• Micro CT can also demonstrate fatigue damage in the distal metacarpal subchondral bone. The results from “Subchrondral bone microdamage accumulation in distal metacarpus of Thoroughbred racehorses” suggest that reduced intensity of training and increased rest periods could limit microdamage accumulation.
  • However, high-resolution peripheral quantitative CT does not specifically predict condylar fracture, researchers concluded in “Can high resolution peripheral quantitative computed tomography imaging of subchrondral and cortical bone predict condylar fracture in Thoroughbred racehorses?” This could be because there is a lack of clear distinction between the subchrondral plate and the trabecular bone and because measurement of the subchrondral bone thickness is complicated by adjacent palmar osteochrondral disease lesions, they say.
  • In terms of fracture configuration, diagnosis, method of repair, and outcome, results from the study “Short frontal plane fractures involving the dorsoproximal articular surface of the proximal phalanx: description of the injury and a technique for repair,” revealed that these were more common in hind limbs. Fractures exiting the bone distal to (below) the metacarpophalangeal and metatarsophalangeal joint (front and hind fetlocks, respectively) capsule can often be repaired minimally invasively and carry a good prognosis for a return to work.
  • Results from the study “Central tarsal bone fractures in horses not used for racing: computed tomographic configuration and long-term outcome of lag screw fixation” suggest that fractures in nonracehorses had a distinct configuration, but that subtle additional fractures lines can occur, likely a result of chronic stress. Accurate diagnosis of the fracture configuration resulted in successful internal fixation and a very good prognosis.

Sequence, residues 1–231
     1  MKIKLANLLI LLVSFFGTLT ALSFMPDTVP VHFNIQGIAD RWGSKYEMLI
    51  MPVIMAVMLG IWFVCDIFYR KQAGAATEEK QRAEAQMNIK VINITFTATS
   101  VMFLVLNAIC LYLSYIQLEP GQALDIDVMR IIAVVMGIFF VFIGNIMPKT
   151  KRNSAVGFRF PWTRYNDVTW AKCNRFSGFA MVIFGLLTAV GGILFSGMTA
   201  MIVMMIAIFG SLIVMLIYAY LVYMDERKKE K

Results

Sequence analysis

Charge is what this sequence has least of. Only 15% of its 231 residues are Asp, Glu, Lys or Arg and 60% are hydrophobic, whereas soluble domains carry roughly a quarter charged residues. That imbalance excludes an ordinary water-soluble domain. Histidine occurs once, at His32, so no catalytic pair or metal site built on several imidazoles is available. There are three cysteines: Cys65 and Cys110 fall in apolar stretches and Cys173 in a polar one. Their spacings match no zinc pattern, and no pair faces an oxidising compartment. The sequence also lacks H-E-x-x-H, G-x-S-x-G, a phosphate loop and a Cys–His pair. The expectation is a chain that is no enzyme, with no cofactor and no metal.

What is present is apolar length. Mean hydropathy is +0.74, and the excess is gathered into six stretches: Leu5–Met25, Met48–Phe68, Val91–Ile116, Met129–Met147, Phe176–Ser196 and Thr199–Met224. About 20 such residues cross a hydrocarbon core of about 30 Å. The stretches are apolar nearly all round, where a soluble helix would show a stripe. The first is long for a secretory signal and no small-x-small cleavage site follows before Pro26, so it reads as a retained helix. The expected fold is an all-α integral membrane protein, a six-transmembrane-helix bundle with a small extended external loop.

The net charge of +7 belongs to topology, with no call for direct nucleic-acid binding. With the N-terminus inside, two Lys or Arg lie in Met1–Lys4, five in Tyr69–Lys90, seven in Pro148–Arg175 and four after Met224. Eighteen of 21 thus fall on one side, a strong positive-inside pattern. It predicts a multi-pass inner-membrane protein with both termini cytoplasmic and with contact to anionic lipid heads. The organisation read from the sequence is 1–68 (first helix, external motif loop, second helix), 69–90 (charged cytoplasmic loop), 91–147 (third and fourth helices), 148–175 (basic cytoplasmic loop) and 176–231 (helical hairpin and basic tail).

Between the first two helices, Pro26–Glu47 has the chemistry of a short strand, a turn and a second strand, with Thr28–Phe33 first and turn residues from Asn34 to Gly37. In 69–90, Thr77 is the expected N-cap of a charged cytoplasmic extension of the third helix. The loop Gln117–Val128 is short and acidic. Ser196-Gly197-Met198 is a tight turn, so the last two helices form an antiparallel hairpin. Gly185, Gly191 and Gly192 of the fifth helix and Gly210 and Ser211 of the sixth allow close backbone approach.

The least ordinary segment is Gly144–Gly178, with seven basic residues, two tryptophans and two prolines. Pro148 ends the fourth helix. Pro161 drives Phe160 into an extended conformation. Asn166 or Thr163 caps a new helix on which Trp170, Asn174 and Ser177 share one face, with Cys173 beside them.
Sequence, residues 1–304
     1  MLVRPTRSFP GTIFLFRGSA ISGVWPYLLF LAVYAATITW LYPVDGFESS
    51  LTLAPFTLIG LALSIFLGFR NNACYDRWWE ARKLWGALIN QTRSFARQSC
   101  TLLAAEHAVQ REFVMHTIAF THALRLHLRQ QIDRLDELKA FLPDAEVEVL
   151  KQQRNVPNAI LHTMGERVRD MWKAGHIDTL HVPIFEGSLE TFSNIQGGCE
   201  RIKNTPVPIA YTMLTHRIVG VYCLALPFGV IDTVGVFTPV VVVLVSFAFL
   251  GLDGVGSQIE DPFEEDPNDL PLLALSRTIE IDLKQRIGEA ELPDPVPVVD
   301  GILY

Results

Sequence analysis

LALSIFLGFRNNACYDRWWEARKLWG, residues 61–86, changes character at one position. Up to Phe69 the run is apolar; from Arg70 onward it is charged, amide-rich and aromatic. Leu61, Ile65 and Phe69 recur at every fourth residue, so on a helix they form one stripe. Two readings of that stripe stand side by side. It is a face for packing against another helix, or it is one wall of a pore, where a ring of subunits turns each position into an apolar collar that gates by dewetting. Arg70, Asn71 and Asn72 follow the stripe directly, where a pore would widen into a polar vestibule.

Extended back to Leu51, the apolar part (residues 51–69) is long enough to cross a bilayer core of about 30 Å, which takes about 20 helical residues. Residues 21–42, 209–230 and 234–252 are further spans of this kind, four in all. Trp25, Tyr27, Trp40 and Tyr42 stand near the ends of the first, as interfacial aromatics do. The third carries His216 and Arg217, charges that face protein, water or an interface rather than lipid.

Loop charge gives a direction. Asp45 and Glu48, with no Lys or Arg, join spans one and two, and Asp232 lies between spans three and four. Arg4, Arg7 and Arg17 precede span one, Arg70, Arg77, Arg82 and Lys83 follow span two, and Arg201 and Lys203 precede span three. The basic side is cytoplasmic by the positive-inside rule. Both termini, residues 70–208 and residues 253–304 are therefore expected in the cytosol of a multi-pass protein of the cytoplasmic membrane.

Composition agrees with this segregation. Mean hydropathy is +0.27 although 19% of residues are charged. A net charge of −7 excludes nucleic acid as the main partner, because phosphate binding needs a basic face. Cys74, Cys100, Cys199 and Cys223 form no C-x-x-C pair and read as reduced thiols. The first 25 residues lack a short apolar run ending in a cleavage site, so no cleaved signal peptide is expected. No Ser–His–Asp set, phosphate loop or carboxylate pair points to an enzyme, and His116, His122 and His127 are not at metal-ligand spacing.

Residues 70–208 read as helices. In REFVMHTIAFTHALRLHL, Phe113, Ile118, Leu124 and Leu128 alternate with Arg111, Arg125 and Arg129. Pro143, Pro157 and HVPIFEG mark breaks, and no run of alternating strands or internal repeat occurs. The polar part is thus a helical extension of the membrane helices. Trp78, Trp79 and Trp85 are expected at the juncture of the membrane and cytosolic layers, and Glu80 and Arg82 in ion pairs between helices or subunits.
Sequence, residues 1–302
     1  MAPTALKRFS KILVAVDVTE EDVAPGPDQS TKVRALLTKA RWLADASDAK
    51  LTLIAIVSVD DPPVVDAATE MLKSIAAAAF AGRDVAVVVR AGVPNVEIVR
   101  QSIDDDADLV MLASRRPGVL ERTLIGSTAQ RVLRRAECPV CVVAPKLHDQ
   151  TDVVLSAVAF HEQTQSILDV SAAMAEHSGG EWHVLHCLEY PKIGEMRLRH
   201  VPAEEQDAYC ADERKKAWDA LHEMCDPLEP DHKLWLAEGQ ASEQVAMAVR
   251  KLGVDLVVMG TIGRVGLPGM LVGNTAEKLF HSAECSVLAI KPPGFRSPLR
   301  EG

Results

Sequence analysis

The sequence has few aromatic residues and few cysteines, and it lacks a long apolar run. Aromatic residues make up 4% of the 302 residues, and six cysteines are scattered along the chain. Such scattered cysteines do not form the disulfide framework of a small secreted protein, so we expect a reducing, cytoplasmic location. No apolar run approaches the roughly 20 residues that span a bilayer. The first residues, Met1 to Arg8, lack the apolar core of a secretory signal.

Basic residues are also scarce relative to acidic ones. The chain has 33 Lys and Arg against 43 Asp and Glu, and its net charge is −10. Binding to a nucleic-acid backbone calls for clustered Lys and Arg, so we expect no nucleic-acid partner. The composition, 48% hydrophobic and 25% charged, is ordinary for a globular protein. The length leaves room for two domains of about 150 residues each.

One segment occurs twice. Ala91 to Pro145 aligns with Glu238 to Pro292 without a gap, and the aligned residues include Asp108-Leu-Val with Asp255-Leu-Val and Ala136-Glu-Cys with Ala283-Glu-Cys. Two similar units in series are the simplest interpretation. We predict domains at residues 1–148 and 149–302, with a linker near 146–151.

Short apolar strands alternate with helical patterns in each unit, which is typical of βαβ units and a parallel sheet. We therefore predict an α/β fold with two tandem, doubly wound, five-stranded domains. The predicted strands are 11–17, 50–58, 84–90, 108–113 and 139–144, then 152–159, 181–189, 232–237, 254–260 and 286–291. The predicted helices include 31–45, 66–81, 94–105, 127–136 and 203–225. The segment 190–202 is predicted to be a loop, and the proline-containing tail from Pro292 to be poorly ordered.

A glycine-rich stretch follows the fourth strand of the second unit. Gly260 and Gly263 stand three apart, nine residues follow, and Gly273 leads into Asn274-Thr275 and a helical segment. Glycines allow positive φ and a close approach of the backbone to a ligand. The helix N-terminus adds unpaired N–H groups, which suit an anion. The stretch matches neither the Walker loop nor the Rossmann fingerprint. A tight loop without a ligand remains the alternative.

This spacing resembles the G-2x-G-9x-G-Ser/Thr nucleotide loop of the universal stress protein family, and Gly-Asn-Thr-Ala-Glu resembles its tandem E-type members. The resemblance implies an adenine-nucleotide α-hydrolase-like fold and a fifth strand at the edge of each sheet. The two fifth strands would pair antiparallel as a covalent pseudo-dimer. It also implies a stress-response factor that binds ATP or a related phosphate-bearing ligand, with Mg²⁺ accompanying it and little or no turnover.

• Researchers described a successful technique for repairing slab fractures in the study “Slab fractures of the third tarsal bone: minimally invasive repair using a single 3.5 mm cortex screw placed in lag fashion in 17 Thoroughbred racehorses.” They concluded that surgical repair is a viable alternative to conservative management.
  • Post-operative imaging is essential for repair and potential complication assessment, and in human medicine MRI is the preferred modality. Results from “Magnetic resonance imaging of an equine fracture model containing stainless steel metal implants” indicate that multiacquistion variable resonance image combination (or MAVRIC) significantly reduced the artefacts created by metallic implants and improved anatomic delineation.

“The advancement of imaging modalities over the past ten years has significantly improved the management of equine fractures,” said Celia Marr, BVMS, MVM, PhD, Dipl. EIM, ECEIM, MRCVS, editor of the EVJ. “The articles included in this fascinating collection not only highlight the current scope of diagnostic imaging for a range of equine musculoskletal conditions but also clearly indicate its potential in continuing to improve clinical assessments, treatment and outcomes.”

Find the research collection, available for free, at onlinelibrary.wiley.com/page/journal/20423306/advances_in_diagnostic_imaging_fractures.htm.

Leave a Reply

Your email address will not be published. Required fields are marked *